One of the devices used among families in tax planning between generations here in Spain to reduce the effects of gift or inheritance tax is the “Usufruct”. This is the right of a person to have the benefit of the use of property, such as the right to live in the family home, without actually becoming the owner. For example a surviving parent can retain the Usufruct for their lifetime while the “Bare Property” or “Nuda Propiedad” is passed on to children or other descendents. A Usufruct can also be granted for a fixed period.
However disputes can arise over the rights and responsibilities of the owners of the Usufruct and the Bare Property. These rights and responsibilities can be regulated either by a specific written agreement between the owners of the Bare Property and the Usufruct, or if there is no specific agreement they are regulated by articles 467 to 529 of the Spanish Civil Code.
Fundamentally, the beneficiary of a Usufruct has the right to their personal use and enjoyment of the property but not to sell it, rent it out, damage it, or diminish its value in any way other than through fair wear and tear. There are special rules where the property includes agricultural land, or where the Usufruct is for the exploitation of property which becomes depleted over time, such as mines or mineral rights.
Normal repairs and maintenance are the responsibility of the owner of the Usufruct. Article 497 specifically states that the owner of the Usufruct must look after the property as “un buen padre de familia” – a proper custodian – and carry out normal maintenance. Repairs and necessary improvements that go beyond the scope of normal maintenance are the responsibility of the owner of the Bare Property, but if these have to be carried out by the owner of the Usufruct he has the right to reclaim them from the owner of the Bare Property.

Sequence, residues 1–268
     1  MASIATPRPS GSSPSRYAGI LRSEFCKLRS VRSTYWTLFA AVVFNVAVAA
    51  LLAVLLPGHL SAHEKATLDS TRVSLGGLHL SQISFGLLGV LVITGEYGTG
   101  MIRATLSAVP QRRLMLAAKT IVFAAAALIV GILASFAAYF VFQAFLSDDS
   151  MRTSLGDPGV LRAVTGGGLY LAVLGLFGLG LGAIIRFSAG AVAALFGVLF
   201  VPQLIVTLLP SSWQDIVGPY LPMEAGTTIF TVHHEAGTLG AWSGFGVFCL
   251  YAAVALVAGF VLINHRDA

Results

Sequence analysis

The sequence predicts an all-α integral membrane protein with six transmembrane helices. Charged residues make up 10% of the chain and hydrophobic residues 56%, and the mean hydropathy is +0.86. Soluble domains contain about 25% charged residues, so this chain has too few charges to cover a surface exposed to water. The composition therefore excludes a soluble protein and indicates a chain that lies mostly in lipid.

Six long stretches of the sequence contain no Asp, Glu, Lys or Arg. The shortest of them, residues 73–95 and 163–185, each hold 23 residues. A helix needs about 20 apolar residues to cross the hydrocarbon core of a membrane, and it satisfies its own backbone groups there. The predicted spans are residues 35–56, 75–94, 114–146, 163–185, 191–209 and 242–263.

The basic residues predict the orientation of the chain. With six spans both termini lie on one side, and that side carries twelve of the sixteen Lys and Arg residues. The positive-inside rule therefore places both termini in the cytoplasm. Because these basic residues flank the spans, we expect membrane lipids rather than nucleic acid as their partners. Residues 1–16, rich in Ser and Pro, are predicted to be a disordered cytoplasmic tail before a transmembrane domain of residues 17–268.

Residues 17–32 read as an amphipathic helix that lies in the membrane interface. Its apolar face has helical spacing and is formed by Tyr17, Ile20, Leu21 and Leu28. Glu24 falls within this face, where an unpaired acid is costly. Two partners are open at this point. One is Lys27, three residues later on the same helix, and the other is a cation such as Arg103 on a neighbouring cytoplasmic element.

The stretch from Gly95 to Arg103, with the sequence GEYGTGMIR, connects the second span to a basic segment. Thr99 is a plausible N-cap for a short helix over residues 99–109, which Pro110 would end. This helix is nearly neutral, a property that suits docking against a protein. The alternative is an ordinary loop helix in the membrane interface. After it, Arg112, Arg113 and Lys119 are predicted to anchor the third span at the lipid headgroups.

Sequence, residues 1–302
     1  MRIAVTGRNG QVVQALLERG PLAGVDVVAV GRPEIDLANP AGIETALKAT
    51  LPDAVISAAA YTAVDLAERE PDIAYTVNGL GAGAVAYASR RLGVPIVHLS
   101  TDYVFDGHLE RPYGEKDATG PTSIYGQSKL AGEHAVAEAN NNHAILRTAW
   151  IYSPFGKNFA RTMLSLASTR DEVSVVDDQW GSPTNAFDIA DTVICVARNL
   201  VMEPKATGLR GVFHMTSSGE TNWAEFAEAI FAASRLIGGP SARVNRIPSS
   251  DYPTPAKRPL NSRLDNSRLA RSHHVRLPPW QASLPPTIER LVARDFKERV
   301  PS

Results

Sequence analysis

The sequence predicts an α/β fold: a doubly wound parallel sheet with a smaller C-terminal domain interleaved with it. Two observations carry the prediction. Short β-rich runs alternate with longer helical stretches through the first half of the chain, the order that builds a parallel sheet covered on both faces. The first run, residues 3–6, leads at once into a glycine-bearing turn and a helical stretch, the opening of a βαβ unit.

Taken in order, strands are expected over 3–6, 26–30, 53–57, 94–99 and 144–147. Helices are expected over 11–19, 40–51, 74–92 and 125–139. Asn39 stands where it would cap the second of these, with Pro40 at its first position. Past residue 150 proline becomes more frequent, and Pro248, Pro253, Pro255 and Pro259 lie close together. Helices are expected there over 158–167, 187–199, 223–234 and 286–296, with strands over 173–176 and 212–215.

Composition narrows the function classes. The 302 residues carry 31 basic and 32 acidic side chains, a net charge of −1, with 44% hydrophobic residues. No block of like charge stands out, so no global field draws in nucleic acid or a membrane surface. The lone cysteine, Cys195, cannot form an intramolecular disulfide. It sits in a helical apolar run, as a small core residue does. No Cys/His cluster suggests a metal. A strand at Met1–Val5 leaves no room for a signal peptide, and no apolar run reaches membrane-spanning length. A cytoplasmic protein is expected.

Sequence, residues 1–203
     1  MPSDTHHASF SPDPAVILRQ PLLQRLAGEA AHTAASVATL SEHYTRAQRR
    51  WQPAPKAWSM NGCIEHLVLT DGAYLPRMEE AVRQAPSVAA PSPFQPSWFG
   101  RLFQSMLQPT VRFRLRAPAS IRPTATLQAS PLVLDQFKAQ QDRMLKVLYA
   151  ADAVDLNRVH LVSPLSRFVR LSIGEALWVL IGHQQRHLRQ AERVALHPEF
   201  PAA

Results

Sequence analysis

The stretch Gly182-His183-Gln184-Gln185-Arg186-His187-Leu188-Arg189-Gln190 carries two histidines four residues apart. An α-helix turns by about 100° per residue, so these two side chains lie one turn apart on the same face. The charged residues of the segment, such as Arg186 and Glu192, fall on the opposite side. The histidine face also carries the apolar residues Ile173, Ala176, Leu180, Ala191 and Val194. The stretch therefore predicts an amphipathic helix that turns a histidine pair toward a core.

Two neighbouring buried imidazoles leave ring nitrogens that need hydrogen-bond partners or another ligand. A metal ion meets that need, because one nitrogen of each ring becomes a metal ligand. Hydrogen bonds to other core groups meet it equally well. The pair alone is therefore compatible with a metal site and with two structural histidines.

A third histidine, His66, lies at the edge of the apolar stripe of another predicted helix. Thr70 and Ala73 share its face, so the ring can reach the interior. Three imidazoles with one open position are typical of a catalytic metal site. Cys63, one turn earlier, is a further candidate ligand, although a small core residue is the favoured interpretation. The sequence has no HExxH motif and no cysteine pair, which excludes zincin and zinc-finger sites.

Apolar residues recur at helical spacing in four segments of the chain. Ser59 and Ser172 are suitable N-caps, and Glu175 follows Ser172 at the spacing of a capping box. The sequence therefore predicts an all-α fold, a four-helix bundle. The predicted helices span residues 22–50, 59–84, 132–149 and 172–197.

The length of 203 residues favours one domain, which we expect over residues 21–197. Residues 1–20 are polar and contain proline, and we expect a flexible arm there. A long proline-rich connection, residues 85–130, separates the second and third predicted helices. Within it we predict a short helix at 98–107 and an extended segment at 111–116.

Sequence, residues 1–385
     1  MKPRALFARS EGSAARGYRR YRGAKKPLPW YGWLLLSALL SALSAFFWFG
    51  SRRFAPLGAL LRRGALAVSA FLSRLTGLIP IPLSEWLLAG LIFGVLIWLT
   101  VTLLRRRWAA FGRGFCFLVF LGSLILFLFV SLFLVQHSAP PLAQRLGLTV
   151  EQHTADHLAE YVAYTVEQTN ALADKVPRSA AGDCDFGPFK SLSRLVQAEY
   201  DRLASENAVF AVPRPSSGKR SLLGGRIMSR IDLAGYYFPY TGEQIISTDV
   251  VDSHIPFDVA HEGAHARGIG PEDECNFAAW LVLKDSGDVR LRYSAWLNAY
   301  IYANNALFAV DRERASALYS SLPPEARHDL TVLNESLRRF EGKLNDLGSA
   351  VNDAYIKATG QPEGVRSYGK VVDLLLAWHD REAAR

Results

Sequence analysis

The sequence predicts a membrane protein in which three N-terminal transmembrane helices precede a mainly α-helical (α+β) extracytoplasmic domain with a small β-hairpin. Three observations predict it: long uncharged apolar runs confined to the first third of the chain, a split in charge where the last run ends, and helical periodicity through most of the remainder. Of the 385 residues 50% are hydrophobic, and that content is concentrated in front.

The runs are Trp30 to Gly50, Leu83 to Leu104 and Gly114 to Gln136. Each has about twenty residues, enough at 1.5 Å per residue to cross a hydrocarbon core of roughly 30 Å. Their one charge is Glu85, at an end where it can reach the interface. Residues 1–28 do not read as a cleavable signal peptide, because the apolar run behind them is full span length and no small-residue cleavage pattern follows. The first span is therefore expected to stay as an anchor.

Annual taxes and other recurrent fees are also the responsibility of the owner of the Usufruct.
If the property is subject to a mortgage it is for the owner of the Bare Property to pay the mortgage installments, and if the property is repossessed or becomes subject to an embargo the owner of the Bare Property is obliged to compensate the owner of the Usufruct. If the owner of the Usufruct makes payments, say to protect his home from repossession he is entitled to be reimbursed by the owner of the Bare Property.
Insurance of the property can be the joint responsibility of the owners of the Bare property and the Usufruct, but if the owner of the Bare Property does not contribute to the insurance premium the proceeds of any insurance policy are paid to the owner of the Usufruct, but he is obliged to use the money only to restore or rebuild the property.
A Usufruct normally comes to an end when the beneficiary dies, or when the term of years granted for it expires. If a Usufruct is granted to more than one person, such as a mother and father, the Usufruct will only expire when the last beneficiary dies. Where limited companies are used as vehicles for tax planning it is important to bear in mind that a Usufruct cannot be granted for more than 30 years (art. 515).
If the property is abused or misused the owner of the Bare Property can request the surrender of the property by the owner of the Usufruct but in return the owner of the Bare Property must pay to the owner of the Usufruct an annual sum as compensation for the loss of the Usufruct.
It can sometimes happen that the maintenance of a property can be a great burden and in such a case the owner of the Usufruct can renounce it in which case the owner of the Bare Property becomes absolutely entitled to it.
If the property is destroyed or damaged, so that it cannot be repaired then the Usufruct will also come to an end.
The grant of a Usufruct can be a useful way of apportioning the value of property between the generations but it is important to bear in mind that it the rights are personal to the beneficiaries of the Usufruct and that it must correctly documented.